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January 11, 2019
Graphene-based implant developed by IMB and ICN2 on UAB campus records brain activity
In the graphite tip of a pencil, carbon atoms are arranged in a layered, planar structure forming a honeycomb lattice. Graphene is one of these sheets with only one atom thick.

Within a few years, graphene has become the prime example of a promising material for its numerous properties: resistant and light, flexible and elastic, transparent, conductor of heat and electricity, etc. Graphene has already been awarded a Nobel Prize in 2010 and Graphene Flagship is one of the two current key scientific initiatives of the European Union (Humain Brain Project is the other one) that gathers 142 academic and industrial groups from 23 different countries with 1 billion Euros in funding over the 2013-2023 period.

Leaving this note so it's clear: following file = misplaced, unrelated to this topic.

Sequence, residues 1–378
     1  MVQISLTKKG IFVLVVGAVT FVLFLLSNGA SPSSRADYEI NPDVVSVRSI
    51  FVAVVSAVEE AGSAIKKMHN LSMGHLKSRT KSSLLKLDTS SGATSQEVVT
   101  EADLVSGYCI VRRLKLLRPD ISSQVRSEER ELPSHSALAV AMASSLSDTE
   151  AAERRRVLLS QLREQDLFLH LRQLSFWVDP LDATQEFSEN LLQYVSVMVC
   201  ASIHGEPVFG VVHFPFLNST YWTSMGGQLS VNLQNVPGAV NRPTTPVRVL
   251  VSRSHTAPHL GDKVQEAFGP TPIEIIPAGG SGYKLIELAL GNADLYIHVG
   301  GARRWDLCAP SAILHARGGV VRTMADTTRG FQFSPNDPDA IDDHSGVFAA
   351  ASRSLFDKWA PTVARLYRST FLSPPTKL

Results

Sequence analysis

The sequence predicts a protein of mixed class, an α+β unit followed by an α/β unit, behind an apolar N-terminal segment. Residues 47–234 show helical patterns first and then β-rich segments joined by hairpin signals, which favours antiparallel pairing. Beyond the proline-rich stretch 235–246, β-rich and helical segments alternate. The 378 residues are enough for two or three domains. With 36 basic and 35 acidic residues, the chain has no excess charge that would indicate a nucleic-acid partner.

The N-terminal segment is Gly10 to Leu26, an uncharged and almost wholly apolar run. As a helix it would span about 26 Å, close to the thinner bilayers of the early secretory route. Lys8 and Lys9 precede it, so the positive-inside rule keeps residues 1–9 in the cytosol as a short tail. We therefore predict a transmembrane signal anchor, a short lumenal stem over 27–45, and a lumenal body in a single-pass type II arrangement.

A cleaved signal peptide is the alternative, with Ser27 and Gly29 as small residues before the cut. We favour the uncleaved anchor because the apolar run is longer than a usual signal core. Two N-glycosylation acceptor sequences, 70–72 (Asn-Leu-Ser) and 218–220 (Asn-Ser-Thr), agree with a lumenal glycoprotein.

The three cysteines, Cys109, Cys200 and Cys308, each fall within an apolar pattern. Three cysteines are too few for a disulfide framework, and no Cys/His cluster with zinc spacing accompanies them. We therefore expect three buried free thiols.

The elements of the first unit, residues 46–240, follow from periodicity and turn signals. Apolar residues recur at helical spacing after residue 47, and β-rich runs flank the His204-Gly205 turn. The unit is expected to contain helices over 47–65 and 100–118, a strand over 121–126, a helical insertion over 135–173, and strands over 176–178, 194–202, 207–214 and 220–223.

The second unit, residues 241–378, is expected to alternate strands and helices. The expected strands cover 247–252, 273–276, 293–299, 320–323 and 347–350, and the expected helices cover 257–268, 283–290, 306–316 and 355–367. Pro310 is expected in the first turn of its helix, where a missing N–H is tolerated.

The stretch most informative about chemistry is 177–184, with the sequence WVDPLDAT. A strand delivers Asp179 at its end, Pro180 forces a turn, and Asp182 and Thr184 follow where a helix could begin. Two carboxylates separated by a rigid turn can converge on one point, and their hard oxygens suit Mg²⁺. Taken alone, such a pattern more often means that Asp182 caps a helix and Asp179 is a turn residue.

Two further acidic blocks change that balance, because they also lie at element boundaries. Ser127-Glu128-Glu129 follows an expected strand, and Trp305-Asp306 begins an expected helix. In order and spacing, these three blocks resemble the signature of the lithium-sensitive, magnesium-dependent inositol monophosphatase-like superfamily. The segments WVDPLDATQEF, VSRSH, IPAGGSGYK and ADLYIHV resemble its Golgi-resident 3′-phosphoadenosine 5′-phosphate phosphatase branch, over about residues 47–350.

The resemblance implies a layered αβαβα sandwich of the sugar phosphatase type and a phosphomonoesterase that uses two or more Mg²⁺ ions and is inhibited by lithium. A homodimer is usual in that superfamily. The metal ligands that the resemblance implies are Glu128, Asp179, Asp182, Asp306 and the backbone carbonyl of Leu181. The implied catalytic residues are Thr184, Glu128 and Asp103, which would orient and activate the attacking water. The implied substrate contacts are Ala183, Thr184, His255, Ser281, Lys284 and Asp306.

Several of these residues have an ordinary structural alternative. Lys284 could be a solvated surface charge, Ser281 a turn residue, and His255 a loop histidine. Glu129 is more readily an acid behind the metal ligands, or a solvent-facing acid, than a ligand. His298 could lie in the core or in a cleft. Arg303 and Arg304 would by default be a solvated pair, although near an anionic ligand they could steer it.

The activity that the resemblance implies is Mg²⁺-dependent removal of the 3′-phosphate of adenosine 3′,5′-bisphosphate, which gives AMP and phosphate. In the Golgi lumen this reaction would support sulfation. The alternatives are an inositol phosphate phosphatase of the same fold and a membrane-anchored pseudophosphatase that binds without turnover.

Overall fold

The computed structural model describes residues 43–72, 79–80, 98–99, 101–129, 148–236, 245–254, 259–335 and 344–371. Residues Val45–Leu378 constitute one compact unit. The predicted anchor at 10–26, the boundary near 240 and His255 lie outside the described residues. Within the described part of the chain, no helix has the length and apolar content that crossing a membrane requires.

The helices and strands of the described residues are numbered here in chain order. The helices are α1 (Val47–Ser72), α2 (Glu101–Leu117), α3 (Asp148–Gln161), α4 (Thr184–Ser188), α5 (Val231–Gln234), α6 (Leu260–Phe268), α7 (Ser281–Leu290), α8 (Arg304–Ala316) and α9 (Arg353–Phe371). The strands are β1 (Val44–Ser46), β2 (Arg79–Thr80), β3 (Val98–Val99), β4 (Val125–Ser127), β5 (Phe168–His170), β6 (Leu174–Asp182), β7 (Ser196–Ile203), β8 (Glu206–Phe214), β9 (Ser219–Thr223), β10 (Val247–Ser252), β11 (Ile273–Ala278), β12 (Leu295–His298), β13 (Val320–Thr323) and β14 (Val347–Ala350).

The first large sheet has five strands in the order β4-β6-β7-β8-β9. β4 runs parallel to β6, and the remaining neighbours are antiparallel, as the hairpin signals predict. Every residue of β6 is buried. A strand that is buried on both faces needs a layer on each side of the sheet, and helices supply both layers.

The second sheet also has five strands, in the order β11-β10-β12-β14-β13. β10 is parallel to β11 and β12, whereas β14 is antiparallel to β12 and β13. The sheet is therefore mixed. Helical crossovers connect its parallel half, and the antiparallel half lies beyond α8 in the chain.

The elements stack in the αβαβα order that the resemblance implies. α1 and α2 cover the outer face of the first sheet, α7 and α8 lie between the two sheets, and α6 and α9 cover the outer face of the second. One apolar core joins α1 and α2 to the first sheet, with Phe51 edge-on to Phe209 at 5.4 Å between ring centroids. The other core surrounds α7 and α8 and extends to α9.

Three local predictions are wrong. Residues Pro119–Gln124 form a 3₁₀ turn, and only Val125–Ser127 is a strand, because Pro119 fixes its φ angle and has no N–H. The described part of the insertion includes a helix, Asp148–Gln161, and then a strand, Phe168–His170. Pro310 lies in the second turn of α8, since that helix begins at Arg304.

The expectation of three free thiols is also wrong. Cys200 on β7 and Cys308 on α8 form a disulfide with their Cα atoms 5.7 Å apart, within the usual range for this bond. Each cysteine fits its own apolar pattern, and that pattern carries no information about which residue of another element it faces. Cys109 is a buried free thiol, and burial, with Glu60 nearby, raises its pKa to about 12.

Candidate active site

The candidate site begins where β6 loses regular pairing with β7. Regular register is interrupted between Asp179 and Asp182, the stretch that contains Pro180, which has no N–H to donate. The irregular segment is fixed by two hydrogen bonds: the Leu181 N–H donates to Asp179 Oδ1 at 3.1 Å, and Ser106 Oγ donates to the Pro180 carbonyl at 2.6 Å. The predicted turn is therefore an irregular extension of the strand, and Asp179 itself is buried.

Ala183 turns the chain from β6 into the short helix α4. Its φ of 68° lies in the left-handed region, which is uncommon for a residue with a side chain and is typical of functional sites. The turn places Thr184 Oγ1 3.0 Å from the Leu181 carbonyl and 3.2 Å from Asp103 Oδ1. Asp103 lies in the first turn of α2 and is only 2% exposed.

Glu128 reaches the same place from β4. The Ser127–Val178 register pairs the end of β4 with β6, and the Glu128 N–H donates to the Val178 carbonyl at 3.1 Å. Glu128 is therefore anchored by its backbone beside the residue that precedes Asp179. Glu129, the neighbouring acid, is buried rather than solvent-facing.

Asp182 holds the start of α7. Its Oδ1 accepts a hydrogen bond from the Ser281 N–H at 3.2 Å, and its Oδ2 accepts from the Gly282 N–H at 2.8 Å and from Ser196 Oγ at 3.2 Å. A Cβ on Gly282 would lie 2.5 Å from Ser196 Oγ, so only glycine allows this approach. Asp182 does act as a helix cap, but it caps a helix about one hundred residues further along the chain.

In this context, researchers in Barcelona have developed a graphene-based implant able to record electrical activity in the brain at extremely low frequencies and over large areas. The prototype was developed at the Barcelona Microelectronics Institute (IMB-CNM, CSIC) and the Catalan Institute of Nanoscience and Nanotechnology (ICN2, a BIST and CSIC centre), both on the Barcelona Synchrotron Park’s UAB campus partner, and was adapted for brain recordings in collaboration with the August Pi i Sunyer Biomedical Research Institute (IDIBAPS).

Published in Nature Materials, the ground-breaking technology promises to enhance the understanding of the brain and pave the way for the next generation of brain-computer interfaces.

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